As the Phillies leave Clearwater and head back to South Philly, the team has yet to name a closer and that’s just fine with me.
For years I have said to just about anyone that will listen that the role of closer on a baseball team has to be one of the most overrated in all of sports.
You’re talking about a guy who is supposed to come into a game where you have a lead in the ninth inning and ideally pitch against just three batters. The goal is to get three outs, finish the game and go home. Maybe if things don’t go exactly as planned you pitch against four of five batters, but regardless after that inning, you are likely done for the night.
And for this, teams will pay a ridiculous amount of money for one inning of work.
How ridiculous? Just look at what Ruben Amaro Jr. paid Jonathan Papelbon while he was here. The New York Yankees are going to pay Aroldis Chapman $11.3 million in 2016 to close out games for them. Papelbon is one of three closers who are going to make $11 million this season, David Robertson of the Chicago White Sox and Craig Kimbrel of the Boston Red Sox the other two.
Doesn’t that seem just all kinds of crazy to anyone else?
For the Phillies, it was expected that Ken Giles would be the closer for many years to come after posting an ERA of 1.80 as well as 15 saves and 87 strikeouts in 2015. But that plan went up in smoke once the team traded Giles to the Houston Astros last December for pitchers Thomas Eshelman, Vincent Velasquez and Brett Oberholtzer in addition to outfielder Derek Fisher.
Considering the Phillies are rebuilding, it was the smart thing to do, if a bit depressing for Phillies fans everywhere.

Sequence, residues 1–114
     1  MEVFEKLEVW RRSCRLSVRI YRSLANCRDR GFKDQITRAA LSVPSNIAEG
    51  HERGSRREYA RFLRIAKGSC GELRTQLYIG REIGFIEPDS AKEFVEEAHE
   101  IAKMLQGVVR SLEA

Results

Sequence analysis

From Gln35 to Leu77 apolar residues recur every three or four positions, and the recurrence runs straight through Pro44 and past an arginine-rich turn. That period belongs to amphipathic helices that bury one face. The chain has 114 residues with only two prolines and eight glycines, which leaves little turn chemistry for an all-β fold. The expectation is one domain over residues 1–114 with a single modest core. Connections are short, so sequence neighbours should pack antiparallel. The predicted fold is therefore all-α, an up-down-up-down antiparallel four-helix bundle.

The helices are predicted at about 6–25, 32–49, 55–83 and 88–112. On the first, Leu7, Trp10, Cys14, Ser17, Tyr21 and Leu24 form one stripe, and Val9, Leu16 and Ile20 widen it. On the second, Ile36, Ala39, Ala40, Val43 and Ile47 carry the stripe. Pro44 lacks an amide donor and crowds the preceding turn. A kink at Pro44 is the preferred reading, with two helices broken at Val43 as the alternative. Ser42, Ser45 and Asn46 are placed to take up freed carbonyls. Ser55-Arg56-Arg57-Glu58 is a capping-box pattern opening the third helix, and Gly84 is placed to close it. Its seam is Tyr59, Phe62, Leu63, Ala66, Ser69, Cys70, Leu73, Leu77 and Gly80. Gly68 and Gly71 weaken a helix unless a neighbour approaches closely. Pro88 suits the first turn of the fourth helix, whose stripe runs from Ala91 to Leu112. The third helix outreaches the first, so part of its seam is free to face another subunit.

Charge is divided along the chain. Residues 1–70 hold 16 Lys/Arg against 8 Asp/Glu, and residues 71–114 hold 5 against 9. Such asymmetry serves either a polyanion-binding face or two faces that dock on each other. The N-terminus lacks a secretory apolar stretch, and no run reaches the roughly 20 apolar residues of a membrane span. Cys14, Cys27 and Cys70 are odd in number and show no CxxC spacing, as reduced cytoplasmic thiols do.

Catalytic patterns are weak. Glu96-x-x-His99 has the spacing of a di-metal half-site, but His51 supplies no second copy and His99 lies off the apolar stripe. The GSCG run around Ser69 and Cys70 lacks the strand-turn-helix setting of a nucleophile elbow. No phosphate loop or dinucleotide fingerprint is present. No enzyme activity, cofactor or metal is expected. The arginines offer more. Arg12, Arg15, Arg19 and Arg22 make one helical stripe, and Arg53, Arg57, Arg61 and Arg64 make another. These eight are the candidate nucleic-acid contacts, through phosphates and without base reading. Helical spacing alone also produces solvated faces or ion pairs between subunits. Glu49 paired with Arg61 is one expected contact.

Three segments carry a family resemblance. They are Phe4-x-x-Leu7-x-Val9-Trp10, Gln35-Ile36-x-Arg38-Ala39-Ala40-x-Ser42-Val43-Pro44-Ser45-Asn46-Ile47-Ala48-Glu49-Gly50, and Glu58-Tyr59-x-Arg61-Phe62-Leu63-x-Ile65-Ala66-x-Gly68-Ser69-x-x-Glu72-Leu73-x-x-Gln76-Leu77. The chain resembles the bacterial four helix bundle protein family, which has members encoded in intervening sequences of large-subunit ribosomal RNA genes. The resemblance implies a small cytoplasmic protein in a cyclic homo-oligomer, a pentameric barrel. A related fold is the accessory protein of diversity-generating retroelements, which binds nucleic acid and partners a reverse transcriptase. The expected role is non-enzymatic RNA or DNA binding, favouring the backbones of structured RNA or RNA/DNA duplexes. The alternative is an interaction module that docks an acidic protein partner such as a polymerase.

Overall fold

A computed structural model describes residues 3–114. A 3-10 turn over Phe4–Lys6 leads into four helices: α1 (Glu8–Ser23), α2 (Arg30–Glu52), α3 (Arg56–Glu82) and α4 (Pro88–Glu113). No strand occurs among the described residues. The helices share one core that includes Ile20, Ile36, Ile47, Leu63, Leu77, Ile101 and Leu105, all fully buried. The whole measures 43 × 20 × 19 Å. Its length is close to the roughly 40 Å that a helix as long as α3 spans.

It was thought that a closer would emerge during Spring Training with the leading candidate being David Hernandez, but injuries have nixed that idea. He was followed by Andrew Bailey and Hector Neris, but both had a terrible spring and lost the chance at the job.
So who is going to be the Phillies closer come opening day? Nobody seems to know, least of all manager Pete Mackanin, who told CSN Philly.com as much earlier this week.
“Unless I’m 100 percent sure about somebody that I want to call a closer, I’m not going to call anybody a closer. When you think about it, a closer is somebody that you go to, that you count on for the ninth inning. I don’t know if … I hope we have one. But I’m not going to name one right now just to call a guy closer. That doesn’t really mean anything.”
So it looks like the Phillies will enter the 2016 season without a set closer. And that is perfectly okay from where I’m sitting.
Why go out and spend money on a closer when the Phillies have so many other needs that have to be addressed? There’s the mess at first base, a patchwork outfield due to injuries and a bullpen that isn’t going to put the fear of God into anyone.
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The least of the Phillies concerns is who is going to come out and pitch the ninth inning.
If down the road the team finds it needs a good, dependable closer, you know, when they return to the postseason, then they can worry about it and maybe spend some money on someone reliable. But until that time, let a committee handle the closing duties. Who knows, maybe someone will emerge and make the role their own.
And if you start to think differently, just remember two words: